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martinbn said:What is a classical limit of a Hilbert space? And these Hilbert spaces, for one or two or many particles, are all isomorphic.

In quantum mechanics, a Hilbert space always means (in mathematical terms) a Hilbert space together with a distinguished irreducible unitary representation of a given Lie algebra of preferred observables on a common dense domain. Two Hilbert spaces are considered (physically) different if this representation is different (in the sense of non-isomorphic). The Lie algebra defines the kinematics of the system of interest. The semidirect product of ##(2dN+1)##-dimensional Heisenberg algebra with ##N## copies of ##so(d)## has a unique irreducible unitary representation, which defines the Hilbert space of ##N## particles in ##d##-dimensional Euclidean space.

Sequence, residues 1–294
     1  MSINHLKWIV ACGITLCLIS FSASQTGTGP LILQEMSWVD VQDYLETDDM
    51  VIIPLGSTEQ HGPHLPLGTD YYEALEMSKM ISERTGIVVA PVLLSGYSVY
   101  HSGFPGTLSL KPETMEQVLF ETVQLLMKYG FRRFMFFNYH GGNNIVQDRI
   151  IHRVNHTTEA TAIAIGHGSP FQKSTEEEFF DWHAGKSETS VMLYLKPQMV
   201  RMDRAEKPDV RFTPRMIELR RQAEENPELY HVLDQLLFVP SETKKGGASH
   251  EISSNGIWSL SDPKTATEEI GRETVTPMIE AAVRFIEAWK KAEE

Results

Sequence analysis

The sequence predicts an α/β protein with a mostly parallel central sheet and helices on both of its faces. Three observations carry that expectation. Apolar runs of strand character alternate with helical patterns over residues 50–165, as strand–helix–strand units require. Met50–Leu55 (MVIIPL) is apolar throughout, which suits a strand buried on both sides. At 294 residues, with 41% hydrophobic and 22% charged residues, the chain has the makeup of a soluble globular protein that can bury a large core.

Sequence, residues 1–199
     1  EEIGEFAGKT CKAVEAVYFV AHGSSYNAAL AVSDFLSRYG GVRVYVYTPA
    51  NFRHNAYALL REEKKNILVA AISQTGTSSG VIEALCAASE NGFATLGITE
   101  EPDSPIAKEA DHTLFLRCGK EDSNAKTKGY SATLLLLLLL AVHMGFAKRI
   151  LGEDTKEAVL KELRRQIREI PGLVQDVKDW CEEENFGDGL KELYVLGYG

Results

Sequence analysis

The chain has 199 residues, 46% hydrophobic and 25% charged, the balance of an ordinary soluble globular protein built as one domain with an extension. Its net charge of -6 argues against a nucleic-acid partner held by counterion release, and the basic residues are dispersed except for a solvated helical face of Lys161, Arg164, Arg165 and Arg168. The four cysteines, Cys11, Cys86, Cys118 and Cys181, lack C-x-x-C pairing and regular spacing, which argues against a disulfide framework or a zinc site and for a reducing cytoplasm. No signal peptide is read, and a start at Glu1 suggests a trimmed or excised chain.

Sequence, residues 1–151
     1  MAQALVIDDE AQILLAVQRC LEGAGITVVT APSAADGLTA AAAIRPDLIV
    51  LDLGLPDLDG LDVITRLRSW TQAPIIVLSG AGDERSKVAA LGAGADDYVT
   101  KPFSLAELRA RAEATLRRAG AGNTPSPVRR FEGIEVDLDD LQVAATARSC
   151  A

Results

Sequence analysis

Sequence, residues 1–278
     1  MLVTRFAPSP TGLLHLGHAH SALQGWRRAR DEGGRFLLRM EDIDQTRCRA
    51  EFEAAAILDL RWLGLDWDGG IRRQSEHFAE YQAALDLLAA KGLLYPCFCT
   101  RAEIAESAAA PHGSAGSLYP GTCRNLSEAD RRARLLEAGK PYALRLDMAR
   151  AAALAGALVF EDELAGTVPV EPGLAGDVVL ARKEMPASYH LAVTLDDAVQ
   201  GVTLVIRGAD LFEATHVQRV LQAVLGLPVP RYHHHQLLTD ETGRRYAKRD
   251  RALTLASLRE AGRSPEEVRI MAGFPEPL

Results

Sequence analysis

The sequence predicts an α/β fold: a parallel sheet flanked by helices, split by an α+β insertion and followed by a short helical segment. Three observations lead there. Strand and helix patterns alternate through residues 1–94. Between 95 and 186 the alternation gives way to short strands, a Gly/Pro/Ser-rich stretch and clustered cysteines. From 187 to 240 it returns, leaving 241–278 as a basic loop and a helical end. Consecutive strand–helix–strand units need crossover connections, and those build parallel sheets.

Hilbert spaces don't have a classical limit. The latter is restricted to linear operators, which may have one. To have a classical limit, the above representation must depend on Planck's constant hbar in such a way that ##i[A,B]/\hbar## tends (at least for ##A## and ##B## in the Lie algebra of preferred observables) to a finite limit ##\{B,A\}##, which represents a Poisson bracket.

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